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Health-related quality of life among children with mental disorders: a systematic review


Dey, Michelle; Landolt, M A; Mohler-Kuo, Meichun (2012). Health-related quality of life among children with mental disorders: a systematic review. Quality of Life Research, 21(10):1797-1814.

Abstract

PURPOSE: To systematically review studies about the quality of life (QOL) of children with various mental disorders relative to healthy controls and to describe limitations in these studies. METHODS: Relevant articles were searched using different databases, by checking reference lists and contacting experts. We included articles that either compared children with mental disorders to healthy controls/norm values or made such a comparison possible. RESULTS: Sixteen out of 4,560 articles met the pre-defined inclusion criteria. These studies revealed that the QOL of children with various mental disorders is compromised across multiple domains. The largest effect sizes were found for psychosocial and family-related domains and for the total QOL score, whereas physical domains generally were less affected. The most important limitations in the existing literature include the lack of study samples drawn from the general population, the failure to use self-ratings, not considering item overlap between measuring QOL and assessing for the presence of a particular mental disorder, and not determining whether the children were receiving medication for their mental disorder. CONCLUSIONS: Children with mental disorders experience a considerable reduction in QOL across various domains. Research studies that avoid previous limitations are crucial to fill existing knowledge gaps.

Abstract

PURPOSE: To systematically review studies about the quality of life (QOL) of children with various mental disorders relative to healthy controls and to describe limitations in these studies. METHODS: Relevant articles were searched using different databases, by checking reference lists and contacting experts. We included articles that either compared children with mental disorders to healthy controls/norm values or made such a comparison possible. RESULTS: Sixteen out of 4,560 articles met the pre-defined inclusion criteria. These studies revealed that the QOL of children with various mental disorders is compromised across multiple domains. The largest effect sizes were found for psychosocial and family-related domains and for the total QOL score, whereas physical domains generally were less affected. The most important limitations in the existing literature include the lack of study samples drawn from the general population, the failure to use self-ratings, not considering item overlap between measuring QOL and assessing for the presence of a particular mental disorder, and not determining whether the children were receiving medication for their mental disorder. CONCLUSIONS: Children with mental disorders experience a considerable reduction in QOL across various domains. Research studies that avoid previous limitations are crucial to fill existing knowledge gaps.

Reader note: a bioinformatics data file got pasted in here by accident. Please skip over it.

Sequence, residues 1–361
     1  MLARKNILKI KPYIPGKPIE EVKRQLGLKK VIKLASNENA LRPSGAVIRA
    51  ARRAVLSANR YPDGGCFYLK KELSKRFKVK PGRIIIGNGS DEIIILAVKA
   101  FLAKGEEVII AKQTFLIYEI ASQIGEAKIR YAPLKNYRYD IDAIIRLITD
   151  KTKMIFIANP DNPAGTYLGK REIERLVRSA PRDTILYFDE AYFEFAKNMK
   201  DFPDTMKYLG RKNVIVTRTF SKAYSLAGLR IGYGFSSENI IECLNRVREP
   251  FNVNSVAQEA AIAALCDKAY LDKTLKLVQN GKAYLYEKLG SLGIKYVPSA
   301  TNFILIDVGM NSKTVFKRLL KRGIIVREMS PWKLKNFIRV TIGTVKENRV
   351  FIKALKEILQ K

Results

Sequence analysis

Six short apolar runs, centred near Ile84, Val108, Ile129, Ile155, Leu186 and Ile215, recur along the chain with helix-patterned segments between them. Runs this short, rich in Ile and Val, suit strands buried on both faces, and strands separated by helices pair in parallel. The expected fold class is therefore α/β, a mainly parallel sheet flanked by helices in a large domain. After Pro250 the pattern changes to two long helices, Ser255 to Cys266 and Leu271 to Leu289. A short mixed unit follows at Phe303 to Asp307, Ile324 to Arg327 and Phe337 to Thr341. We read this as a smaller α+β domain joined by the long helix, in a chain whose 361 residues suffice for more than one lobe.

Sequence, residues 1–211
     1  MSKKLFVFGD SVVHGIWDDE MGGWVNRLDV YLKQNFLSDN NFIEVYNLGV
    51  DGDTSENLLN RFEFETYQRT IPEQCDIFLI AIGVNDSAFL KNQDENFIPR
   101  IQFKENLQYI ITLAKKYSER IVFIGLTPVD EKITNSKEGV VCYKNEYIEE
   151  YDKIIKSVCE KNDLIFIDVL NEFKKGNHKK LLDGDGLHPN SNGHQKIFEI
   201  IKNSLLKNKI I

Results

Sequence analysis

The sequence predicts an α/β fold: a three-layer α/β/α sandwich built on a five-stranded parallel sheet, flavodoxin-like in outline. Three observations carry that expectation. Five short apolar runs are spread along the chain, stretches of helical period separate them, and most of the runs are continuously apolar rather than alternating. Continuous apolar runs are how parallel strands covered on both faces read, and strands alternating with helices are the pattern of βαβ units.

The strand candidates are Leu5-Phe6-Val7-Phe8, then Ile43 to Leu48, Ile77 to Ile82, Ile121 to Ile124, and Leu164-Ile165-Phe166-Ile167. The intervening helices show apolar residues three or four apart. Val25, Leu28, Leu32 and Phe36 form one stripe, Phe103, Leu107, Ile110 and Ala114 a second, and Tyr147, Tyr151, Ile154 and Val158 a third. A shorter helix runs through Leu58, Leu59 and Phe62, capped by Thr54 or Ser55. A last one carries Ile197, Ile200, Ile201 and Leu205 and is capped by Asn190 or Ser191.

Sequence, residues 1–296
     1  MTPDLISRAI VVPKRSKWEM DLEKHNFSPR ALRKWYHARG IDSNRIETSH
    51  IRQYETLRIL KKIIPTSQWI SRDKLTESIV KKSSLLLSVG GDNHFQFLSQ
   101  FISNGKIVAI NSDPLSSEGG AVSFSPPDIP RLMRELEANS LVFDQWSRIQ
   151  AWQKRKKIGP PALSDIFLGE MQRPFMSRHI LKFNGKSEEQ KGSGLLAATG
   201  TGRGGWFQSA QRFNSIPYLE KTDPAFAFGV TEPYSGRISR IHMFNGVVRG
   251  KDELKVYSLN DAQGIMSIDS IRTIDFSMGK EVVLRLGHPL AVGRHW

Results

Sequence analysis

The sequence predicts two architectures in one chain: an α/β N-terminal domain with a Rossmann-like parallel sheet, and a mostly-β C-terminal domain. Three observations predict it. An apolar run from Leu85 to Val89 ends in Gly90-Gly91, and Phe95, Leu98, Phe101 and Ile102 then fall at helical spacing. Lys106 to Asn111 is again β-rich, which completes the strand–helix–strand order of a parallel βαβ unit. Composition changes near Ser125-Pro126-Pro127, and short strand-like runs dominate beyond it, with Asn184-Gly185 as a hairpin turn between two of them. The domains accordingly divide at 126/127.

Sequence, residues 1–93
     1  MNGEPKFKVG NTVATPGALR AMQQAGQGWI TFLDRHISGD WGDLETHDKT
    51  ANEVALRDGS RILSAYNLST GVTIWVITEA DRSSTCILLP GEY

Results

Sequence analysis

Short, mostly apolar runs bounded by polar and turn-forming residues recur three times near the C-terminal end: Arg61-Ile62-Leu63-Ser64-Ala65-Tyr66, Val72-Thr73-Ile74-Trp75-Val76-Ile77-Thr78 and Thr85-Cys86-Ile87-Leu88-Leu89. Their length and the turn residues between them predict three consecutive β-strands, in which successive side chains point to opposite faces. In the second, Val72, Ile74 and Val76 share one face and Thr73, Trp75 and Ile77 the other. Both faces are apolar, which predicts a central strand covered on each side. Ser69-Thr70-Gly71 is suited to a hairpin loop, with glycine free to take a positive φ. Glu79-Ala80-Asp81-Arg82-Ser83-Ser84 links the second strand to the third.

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Additional indexing

Item Type:Journal Article, refereed, original work
Communities & Collections:04 Faculty of Medicine > Epidemiology, Biostatistics and Prevention Institute (EBPI)
06 Faculty of Arts > Institute of Psychology
Dewey Decimal Classification:610 Medicine & health
Uncontrolled Keywords:DoktoratPsych Erstautor
Language:English
Date:2 February 2012
Deposited On:19 Apr 2012 09:11
Last Modified:22 Aug 2017 15:47
Publisher:Springer
ISSN:0962-9343
Additional Information:The original publication is available at www.springerlink.com
Publisher DOI:https://doi.org/10.1007/s11136-012-0109-7
PubMed ID:22298200

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